April 30, 2017

3031 IRELAND (Leinster) - Howth Lighthouse in Dublin

Howth Head is a headland north east of Dublin city. Entry to the headland is at Sutton, a residential suburb of Dublin, while village of Howth and the harbour are on the northern shore. Originally an island, Howth Head is connected to the mainland via a narrow strip of land, and forms the northerly bound of the great crescent of Dublin Bay, roughly corresponding to Killiney Hill in the south. At the end of the East Pier of harbour is situated Howth Lighthouse, a scenic treat, but also a symbol for the fight for Irish independence.

The first stone of Howth's new harbour was laid in 1807, granite stone used in construction was quarried locally (at Kilrock), the economy boomed. And faltered almost immediately, as sand and mud proceeded to fill the harbour in record time and maintaining a sufficient depth for the packet ships from Holyhead (Wales) proved to be a never-ending, costly enterprise. Too expensive to keep up, so Dun Laoghaire Harbour became the effective stop for packet ships, its construction beginning in 1817 and using designs of the same architect, John Rennie.

But in April 1816 Rennie had already submitted his proposals the Commissioners of Howth Harbour, for a lighthouse at the end of the East Pier to direct vessels into the entrance of the harbour. In January 1818 the lighthouse was completed, but only on July 1st, 1818, a fixed red light with twelve oil lamps went into operation. In a stout tower approximately 14.5 metres high and very similar to the Rennie design that already was in operation near Holyhead.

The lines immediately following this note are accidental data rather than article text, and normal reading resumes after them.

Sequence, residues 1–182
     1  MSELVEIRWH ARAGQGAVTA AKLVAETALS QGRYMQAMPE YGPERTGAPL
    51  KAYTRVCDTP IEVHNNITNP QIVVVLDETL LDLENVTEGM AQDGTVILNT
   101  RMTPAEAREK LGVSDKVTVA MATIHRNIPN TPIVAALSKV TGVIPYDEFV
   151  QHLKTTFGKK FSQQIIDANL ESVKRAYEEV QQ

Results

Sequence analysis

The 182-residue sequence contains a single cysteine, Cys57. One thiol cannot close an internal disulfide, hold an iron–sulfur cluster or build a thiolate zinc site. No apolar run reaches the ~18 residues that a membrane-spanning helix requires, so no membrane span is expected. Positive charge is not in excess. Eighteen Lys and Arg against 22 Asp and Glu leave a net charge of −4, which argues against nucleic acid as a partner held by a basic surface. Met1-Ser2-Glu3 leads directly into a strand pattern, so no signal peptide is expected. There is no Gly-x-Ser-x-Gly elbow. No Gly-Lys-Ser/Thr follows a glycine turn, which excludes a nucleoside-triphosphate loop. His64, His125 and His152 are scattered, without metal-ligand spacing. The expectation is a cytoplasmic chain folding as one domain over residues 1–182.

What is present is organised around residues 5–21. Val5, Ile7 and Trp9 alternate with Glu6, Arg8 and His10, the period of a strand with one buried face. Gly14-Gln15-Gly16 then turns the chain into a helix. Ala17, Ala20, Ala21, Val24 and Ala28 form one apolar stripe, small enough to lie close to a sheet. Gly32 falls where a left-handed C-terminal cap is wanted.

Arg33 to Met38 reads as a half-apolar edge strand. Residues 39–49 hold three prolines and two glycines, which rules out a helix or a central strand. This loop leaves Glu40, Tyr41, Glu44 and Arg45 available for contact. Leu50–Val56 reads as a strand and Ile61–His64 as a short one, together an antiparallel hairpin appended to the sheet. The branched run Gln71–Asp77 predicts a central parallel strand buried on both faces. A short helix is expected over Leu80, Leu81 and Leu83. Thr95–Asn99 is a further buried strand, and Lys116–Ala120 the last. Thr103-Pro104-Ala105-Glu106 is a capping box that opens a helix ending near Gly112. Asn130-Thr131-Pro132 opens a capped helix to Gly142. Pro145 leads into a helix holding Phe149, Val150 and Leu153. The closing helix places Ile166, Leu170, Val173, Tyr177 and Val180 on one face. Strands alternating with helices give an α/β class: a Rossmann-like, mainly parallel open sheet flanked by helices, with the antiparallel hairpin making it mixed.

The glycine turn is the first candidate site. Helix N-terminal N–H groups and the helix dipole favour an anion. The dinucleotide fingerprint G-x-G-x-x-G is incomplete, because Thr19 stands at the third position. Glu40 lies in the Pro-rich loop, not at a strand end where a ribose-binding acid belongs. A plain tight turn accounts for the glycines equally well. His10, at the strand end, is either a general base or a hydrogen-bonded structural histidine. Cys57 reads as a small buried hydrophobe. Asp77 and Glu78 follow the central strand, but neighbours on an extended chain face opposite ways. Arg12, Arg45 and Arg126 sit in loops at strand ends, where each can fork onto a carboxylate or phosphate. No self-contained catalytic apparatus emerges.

After the WWII, electricity as a means of lighting was considered, and in 1955 a 250 Watt lamp on battery power replaced the old oil lighting. As a result, the light keepers' house (a small Georgian style building) has been abandoned. In 1982, the Howth Harbour was modernised, and the lighthouse was effectively made redundant by a small new tower and powerful light on the East Pier Extension. However, Howth Lighthouse was retained in its original form and serves as a day mark, and aid to navigation in good conditions.

Howth Harbour Lighthouse became the setting for a historical event when on July 26th, 1914, the author Erskine Childers arrived here with supplies for the Irish Volunteers. Illegal supplies. Sailing in on his private yacht "Asgard", Childers was effectively gun-running and brought a cache of arms into Ireland. He was later executed by the authorities of the Irish Free State during the Irish Civil War. His son, Erskine Hamilton Childers, became the fourth President of Ireland from 1973 until his death in 1974.

About the stamps
The first stamp is part of the series issued on November 10, 2005 for Christmas 2004.
• 0.48 EUR - It's on the postcard 3031
• 0.60 EUR
• 0.65 EUR

The second stamp is part of the series issued on November 10, 2005 for Christmas 2005.
• 0.48 EUR - It's on the postcard 3031
• 0.60 EUR
• 0.65 EUR

The last stamp is part of the 6th series of definitive stamps, entitled Wild Flowers of Ireland, about which I wrote here

Howth Harbour Lighthouse, by Bernd Biege - Ireland Travel

Sender: John / jr11577 (postcrossing) IE-138765
Sent from Dublin (Leinster / Ireland), on 24.04.2017

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